In a brief interview an hour before the news conference, Manfre explained why he would not release the identity of the suspect until then, saying the case still had loose ends and complications.
“It’s going to be unsettling for everyone, what they hear,” Manfre said of the case. “We still do not have a motive as we sit here today,” Manfre said, describing the case as inexplicable and head-scratching. The sheriff’s office is still not sure whether the suspect acted alone or with accomplices.
“We believe it’s a single shooter at this point, but when you hear it, there are other possibilities that other people are involved and we’re still trying to tie up the loose ends,” Manfre said.
The arrest was made in South Florida. Manfre did not specify where or by whom before the 11 a.m. news conference, though he said there was assistance by another law enforcement agency, and it followed the securing of a warrant here first. The suspect was not yet in Flagler County when Manfre spoke this morning at 10, but was on his way. The suspect, Manfre said, had lived in Palm Coast periodically before.
“This is late-breaking stuff, this all happened this week,” Manfre said, describing the case as one of the most complicated he has known in his career. (He was previously a prosecutor, in New York State, and was sheriff in Flagler for four years until 2005.)
“We have the gun, and that’s what led us to the arrest,” he added. Manfre said his confidence that the suspect in custody is the right one is “very high.”
Bova Uses ATM at Mobil mart
Matters were still breaking at 8 p.m. Thursday, “but we still had not tied up all the loose ends until late in the evening,” which is why, he said, he did not release a name. There has also been the matter of Romano’s family, including her 16-year-old daughter, who happened to be in Puerto Rico, and her six children’s grandparents, who have a language barrier. It isn’t yet clear whether the members of the family the sheriff wanted at the conference will make it, but the news conference was to be held regardless.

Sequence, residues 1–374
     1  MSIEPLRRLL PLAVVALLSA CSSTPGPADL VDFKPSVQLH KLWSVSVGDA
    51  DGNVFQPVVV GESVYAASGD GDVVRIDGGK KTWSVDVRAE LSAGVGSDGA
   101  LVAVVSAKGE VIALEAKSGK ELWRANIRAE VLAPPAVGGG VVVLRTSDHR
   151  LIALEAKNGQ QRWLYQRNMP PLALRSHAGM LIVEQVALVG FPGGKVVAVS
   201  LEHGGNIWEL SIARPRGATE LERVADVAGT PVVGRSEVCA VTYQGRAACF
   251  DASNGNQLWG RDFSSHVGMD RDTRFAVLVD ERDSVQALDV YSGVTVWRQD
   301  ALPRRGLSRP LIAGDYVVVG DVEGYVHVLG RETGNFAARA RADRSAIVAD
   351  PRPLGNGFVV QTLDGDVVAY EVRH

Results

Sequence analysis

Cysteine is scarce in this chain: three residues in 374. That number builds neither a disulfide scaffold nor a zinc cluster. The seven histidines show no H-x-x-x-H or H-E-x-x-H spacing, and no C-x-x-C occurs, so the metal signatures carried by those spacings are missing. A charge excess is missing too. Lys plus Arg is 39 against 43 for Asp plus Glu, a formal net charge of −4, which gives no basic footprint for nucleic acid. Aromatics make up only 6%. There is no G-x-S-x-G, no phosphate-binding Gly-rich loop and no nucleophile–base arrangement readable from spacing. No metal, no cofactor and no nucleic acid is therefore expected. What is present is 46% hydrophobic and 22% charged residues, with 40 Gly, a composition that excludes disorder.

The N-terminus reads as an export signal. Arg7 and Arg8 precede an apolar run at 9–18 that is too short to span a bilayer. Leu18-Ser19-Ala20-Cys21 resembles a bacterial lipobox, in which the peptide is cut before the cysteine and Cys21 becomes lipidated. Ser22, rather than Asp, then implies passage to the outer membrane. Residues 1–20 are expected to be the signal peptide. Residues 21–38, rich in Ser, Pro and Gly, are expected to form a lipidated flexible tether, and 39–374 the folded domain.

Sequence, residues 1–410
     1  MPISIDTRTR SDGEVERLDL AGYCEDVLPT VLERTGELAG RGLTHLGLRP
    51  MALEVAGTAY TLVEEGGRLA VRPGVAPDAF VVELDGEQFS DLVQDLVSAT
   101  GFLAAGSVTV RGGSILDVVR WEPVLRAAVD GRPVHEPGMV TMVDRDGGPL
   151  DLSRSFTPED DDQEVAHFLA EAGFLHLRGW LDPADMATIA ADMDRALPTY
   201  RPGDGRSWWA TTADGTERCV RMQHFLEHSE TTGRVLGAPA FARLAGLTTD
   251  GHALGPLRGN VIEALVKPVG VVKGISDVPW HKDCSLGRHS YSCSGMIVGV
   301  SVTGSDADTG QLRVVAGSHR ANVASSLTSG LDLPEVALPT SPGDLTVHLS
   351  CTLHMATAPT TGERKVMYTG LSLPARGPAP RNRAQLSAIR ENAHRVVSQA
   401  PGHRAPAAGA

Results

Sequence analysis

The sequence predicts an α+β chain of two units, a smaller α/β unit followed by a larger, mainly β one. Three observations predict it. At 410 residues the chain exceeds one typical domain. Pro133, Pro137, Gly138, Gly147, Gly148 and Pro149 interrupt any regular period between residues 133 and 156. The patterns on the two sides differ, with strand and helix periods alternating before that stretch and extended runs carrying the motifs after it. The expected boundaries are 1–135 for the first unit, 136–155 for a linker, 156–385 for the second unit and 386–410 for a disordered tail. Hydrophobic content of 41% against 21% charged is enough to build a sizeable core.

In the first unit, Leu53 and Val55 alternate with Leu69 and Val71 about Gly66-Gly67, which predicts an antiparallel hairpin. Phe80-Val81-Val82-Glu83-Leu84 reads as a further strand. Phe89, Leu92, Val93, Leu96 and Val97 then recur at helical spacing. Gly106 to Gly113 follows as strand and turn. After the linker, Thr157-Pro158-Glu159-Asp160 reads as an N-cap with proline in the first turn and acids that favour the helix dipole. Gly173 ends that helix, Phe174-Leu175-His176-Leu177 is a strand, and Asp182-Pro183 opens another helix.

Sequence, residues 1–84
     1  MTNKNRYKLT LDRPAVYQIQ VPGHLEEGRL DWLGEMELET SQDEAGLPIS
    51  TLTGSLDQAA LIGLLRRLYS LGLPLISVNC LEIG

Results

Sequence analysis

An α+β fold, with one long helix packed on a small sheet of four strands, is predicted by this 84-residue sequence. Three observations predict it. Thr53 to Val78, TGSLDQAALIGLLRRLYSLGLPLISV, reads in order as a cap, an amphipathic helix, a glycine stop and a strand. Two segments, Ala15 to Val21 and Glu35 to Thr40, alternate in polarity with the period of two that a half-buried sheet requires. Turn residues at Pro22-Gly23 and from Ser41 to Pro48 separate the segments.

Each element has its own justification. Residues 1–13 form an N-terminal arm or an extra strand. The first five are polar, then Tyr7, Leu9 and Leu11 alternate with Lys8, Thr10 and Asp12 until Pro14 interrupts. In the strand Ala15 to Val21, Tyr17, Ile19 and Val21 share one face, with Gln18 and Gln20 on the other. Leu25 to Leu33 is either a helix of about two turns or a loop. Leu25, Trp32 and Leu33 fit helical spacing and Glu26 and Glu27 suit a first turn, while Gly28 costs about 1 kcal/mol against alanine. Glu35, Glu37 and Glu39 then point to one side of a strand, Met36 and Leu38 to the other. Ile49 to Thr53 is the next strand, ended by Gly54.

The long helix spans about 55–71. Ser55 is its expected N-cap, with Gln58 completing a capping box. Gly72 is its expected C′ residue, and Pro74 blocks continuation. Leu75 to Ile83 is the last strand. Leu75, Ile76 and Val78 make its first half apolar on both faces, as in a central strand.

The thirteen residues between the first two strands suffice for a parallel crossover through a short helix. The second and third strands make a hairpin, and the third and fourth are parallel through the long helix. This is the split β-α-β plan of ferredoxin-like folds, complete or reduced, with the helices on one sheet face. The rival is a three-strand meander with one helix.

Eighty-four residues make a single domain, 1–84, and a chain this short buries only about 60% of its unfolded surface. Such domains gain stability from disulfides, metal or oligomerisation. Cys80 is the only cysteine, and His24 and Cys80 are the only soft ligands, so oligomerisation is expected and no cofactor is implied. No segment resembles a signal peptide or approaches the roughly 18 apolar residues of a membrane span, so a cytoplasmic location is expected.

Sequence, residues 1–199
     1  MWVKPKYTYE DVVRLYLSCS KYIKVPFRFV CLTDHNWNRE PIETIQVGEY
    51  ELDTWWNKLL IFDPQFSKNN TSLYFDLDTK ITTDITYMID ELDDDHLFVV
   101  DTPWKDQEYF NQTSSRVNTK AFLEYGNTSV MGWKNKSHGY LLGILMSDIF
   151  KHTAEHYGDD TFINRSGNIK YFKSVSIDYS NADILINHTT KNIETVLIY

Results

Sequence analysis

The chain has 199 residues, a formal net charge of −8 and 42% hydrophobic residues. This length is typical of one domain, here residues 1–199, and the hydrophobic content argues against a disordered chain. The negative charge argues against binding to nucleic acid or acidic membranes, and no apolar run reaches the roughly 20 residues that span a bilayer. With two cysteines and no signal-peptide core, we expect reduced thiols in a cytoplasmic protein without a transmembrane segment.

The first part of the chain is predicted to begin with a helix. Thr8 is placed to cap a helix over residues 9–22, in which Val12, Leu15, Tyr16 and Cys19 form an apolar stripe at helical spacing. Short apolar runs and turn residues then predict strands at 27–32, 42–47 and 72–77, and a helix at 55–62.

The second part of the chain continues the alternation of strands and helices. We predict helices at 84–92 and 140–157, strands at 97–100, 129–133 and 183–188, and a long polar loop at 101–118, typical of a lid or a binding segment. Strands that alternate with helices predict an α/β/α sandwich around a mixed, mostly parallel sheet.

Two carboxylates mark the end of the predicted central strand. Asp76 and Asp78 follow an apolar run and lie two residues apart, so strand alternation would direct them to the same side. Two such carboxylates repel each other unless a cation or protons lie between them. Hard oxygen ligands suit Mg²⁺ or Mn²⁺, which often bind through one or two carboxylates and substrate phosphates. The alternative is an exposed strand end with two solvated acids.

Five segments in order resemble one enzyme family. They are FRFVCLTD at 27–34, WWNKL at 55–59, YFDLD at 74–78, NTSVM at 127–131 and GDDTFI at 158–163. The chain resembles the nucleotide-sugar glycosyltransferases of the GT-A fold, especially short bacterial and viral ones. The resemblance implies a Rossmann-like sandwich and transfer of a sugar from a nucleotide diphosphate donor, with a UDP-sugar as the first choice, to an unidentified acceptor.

We wanted to make certain that the family understood exactly what we had uncovered, that was happening until this morning,” Manfre said, explaining the delay in releasing the name. “We we confident that the family was fully informed and emotionally settled,” that’s when the office felt confident the information could be released.
The suspect will be held without bond at the Flagler County jail.
Manfre was especially complimentary of his investigative team. (Besides Koep, Steve Cole, who heads the division, and Mark Moye, were also present at the news conference.)
“When I came into office we had three homicides in this county. One took place before I took office. One was a St. Johns case. People are concerned, and we’ve been able to solve one of those cases right away. This is the second one that we’ve now solved. We believe we have some good information on solving the one before I took office, that’s the one in the C-Section, Covington, and we’re working with St. Johns to solve that fourth. The public wants two things, they want you to be transparent about what you’re doing and they want you to get the bad guys. The idea that there is a murderer free in the community is something that’s upsetting. Hopefully this provides some comfort that in this particular disturbing case, we have made that arrest.”